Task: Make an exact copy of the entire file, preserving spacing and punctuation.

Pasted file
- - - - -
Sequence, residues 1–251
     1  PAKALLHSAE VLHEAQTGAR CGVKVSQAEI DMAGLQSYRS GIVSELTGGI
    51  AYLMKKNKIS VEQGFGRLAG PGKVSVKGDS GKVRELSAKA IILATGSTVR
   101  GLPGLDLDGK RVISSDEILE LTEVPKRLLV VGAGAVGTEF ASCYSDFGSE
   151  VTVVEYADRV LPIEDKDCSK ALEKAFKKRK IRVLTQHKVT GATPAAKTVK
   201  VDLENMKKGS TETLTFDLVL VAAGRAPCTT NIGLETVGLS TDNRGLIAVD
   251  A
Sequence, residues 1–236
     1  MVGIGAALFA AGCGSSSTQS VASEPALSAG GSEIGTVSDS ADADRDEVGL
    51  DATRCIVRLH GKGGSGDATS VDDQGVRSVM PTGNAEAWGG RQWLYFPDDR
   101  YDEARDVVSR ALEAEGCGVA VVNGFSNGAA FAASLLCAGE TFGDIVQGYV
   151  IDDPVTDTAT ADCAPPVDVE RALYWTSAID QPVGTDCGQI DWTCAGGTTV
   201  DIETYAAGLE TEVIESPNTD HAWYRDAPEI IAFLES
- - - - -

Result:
Sequence, residues 1–251
     1  PAKALLHSAE VLHEAQTGAR CGVKVSQAEI DMAGLQSYRS GIVSELTGGI
    51  AYLMKKNKIS VEQGFGRLAG PGKVSVKGDS GKVRELSAKA IILATGSTVR
   101  GLPGLDLDGK RVISSDEILE LTEVPKRLLV VGAGAVGTEF ASCYSDFGSE
   151  VTVVEYADRV LPIEDKDCSK ALEKAFKKRK IRVLTQHKVT GATPAAKTVK
   201  VDLENMKKGS TETLTFDLVL VAAGRAPCTT NIGLETVGLS TDNRGLIAVD
   251  A
Sequence, residues 1–236
     1  MVGIGAALFA AGCGSSSTQS VASEPALSAG GSEIGTVSDS ADADRDEVGL
    51  DATRCIVRLH GKGGSGDATS VDDQGVRSVM PTGNAEAWGG RQWLYFPDDR
   101  YDEARDVVSR ALEAEGCGVA VVNGFSNGAA FAASLLCAGE TFGDIVQGYV
   151  IDDPVTDTAT ADCAPPVDVE RALYWTSAID QPVGTDCGQI DWTCAGGTTV
   201  DIETYAAGLE TEVIESPNTD HAWYRDAPEI IAFLES